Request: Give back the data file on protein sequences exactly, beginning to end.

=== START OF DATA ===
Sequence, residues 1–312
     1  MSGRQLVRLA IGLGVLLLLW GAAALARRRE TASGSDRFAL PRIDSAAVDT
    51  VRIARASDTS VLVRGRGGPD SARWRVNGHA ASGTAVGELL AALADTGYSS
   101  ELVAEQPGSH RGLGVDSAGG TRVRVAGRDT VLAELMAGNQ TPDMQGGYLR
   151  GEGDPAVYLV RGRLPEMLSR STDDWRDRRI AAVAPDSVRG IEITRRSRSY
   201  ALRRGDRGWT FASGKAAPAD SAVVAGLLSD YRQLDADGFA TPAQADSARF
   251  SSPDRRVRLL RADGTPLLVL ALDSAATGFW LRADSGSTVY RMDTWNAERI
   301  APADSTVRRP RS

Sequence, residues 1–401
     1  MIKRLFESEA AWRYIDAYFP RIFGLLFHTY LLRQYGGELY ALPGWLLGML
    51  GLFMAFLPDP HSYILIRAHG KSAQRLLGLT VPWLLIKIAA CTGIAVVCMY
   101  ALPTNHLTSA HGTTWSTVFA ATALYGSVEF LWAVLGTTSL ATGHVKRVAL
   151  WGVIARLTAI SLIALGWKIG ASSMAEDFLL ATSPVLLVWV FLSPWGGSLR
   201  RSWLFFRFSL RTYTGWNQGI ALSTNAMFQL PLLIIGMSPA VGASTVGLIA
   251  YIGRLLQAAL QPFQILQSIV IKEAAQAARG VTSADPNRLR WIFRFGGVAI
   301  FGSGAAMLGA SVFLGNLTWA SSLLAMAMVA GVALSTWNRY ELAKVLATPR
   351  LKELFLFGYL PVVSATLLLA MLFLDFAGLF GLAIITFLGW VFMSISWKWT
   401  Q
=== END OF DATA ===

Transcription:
Sequence, residues 1–312
     1  MSGRQLVRLA IGLGVLLLLW GAAALARRRE TASGSDRFAL PRIDSAAVDT
    51  VRIARASDTS VLVRGRGGPD SARWRVNGHA ASGTAVGELL AALADTGYSS
   101  ELVAEQPGSH RGLGVDSAGG TRVRVAGRDT VLAELMAGNQ TPDMQGGYLR
   151  GEGDPAVYLV RGRLPEMLSR STDDWRDRRI AAVAPDSVRG IEITRRSRSY
   201  ALRRGDRGWT FASGKAAPAD SAVVAGLLSD YRQLDADGFA TPAQADSARF
   251  SSPDRRVRLL RADGTPLLVL ALDSAATGFW LRADSGSTVY RMDTWNAERI
   301  APADSTVRRP RS

Sequence, residues 1–401
     1  MIKRLFESEA AWRYIDAYFP RIFGLLFHTY LLRQYGGELY ALPGWLLGML
    51  GLFMAFLPDP HSYILIRAHG KSAQRLLGLT VPWLLIKIAA CTGIAVVCMY
   101  ALPTNHLTSA HGTTWSTVFA ATALYGSVEF LWAVLGTTSL ATGHVKRVAL
   151  WGVIARLTAI SLIALGWKIG ASSMAEDFLL ATSPVLLVWV FLSPWGGSLR
   201  RSWLFFRFSL RTYTGWNQGI ALSTNAMFQL PLLIIGMSPA VGASTVGLIA
   251  YIGRLLQAAL QPFQILQSIV IKEAAQAARG VTSADPNRLR WIFRFGGVAI
   301  FGSGAAMLGA SVFLGNLTWA SSLLAMAMVA GVALSTWNRY ELAKVLATPR
   351  LKELFLFGYL PVVSATLLLA MLFLDFAGLF GLAIITFLGW VFMSISWKWT
   401  Q